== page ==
In cinema, a writing instrument being used as a weapon is not uncommon. Normally, this occurs when the writing implement is in the hands of, say, an experienced killer:
3. Jason Bourne uses a pen to gain advantage in a fight in The Bourne Identity.
2. Martin Blank uses a pen to kill a man in Grosse Point Blank
1. The Joker’s pencil trick from The Dark Knight
But, I’m not sure how this case fits into all this.
Since high school, I’ve been close to bordering on lame, many times gleefully (or woefully) treading over the line between ‘weird’ and ‘lame.’ Anyway, my fascination with zombies, for a long time, simply was dismissed as a passing fad (and, you guessed it, lame). Few people can brave the wonderfully done Dawn of the Dead, much less the terribly done (and yet remarkably hilarious) Redneck Zombies. But I digress.
Zombies, right now, are really really hot, and it’s hard for a discerning zombie enthusiast to find the exceptional material out there. Even Time magazine is writing about them! Yet, when you won’t be able to buy an RC Zombie any more, and Zombie walks aren’t as cool, and eventually people become as ashamed of them as Hammer Pants, I’ll still be thinking of that sweet, sweet zombie apocalypse.
I’d like to take a moment to discuss the zombie mashup novel I read:
That’s right, Pride, Prejudice, and Zombies. I had blogged about it before, and I ordered it off of Think Geek when it was finally available.
I’ll admit, I was skeptical that it would be as entertaining as its core notion, but I found myself reading it obsessively until it’s end — yet I’m not sure which kept the pages turning — Jane Austen, or the zombies. I will give credit where credit is due — the zombie plot is not ‘extraneous’ (lots of people like to just . . . add zombies). Within this text it is done quite a bit thoughtfully, especially while keeping in mind some of the tropes and themes of the original book), and overall I found that I was enjoying myself.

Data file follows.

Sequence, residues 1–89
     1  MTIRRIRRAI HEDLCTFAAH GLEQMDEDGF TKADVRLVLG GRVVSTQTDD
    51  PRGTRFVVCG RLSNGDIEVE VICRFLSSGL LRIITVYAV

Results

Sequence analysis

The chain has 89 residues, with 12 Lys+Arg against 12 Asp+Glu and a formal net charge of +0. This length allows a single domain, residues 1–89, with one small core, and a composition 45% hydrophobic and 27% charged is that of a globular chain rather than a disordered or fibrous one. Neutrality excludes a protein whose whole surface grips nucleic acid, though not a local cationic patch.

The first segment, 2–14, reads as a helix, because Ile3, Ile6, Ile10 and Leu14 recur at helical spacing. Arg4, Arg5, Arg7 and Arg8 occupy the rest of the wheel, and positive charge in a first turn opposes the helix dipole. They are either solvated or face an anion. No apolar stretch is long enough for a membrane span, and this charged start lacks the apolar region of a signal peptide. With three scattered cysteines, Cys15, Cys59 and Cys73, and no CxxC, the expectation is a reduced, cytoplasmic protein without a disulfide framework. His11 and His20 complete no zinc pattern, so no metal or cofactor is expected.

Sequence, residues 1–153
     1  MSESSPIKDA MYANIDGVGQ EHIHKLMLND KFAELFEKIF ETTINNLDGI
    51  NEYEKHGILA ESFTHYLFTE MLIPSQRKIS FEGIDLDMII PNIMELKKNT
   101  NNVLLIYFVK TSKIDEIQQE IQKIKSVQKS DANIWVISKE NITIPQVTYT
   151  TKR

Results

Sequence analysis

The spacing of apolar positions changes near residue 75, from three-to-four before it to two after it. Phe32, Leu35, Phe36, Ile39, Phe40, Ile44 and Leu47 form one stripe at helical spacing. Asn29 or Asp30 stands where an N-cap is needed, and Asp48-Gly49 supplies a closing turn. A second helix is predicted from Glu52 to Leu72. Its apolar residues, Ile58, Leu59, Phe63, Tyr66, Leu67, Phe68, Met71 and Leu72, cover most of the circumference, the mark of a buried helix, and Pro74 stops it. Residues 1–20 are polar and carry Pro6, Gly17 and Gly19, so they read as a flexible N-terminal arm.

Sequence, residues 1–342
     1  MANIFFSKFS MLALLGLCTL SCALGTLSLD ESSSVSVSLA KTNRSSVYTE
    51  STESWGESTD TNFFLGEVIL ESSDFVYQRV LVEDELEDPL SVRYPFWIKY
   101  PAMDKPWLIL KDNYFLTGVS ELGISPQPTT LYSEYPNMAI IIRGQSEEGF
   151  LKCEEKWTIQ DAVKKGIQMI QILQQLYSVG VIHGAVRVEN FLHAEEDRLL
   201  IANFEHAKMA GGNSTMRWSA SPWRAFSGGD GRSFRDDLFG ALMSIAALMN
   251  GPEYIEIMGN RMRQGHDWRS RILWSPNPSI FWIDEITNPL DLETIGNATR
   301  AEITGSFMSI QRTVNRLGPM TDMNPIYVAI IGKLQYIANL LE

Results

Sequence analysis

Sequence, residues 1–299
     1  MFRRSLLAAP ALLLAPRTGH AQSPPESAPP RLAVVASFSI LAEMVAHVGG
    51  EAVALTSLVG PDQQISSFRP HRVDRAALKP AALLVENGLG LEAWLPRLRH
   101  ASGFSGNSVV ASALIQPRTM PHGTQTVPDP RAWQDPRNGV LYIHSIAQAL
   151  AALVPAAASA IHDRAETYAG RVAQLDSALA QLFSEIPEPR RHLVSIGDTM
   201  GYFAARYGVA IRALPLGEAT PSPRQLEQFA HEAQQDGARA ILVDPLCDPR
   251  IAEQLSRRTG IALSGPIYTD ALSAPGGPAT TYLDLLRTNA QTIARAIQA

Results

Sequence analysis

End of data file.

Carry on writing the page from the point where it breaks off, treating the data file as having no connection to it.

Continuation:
The book has the added bonus of lovely little black and white illustrations of key scenes:
Truly well done. And, most importantly, do not skip the study questions at the end — they are vital!
I’ve taken a break from zombie gaming (sorry, Steve — we WILL get some Resident Evil in at some point!) because of this little game named Oblivion. Dear God, am I glad that this game wasn’t around in my college days — I never would have graduated. It truly is a stunning achievement — made by the same developers who have birthed the magnificent world found in Fallout 3:
Even better? They made Pittsburgh:
Fallout 3 is an amazingly done game (with a few annoying bugs) that really does give you hours and hours and hours of gameplay. I’ll also admit, it’s damn fun to watch.
Oblivion is also stunning, also intensely fun (less buggy). But, as a long time RPG’er, I found something interesting about Oblivion. I hate leveling. I got my first character to about level 18 in the first two days — and all of a sudden, every fight was impossible. Now, my character is a super bad ass level 2, with all over her minor skills higher than her major skills. You see, unlike in, say, Fallout 3 or Fable, the world levels up with you, which makes it impossibly hard.
Anyway, back to zombies.
I wanted to close with two wonderful links:
and the stinque zombie bible (thanks, hipspinster!)
Just in case you haven’t been listening? I’m telling you. They’re here.
In the mood for another funny zombie comic?
The TARDIS is sooo cool . . .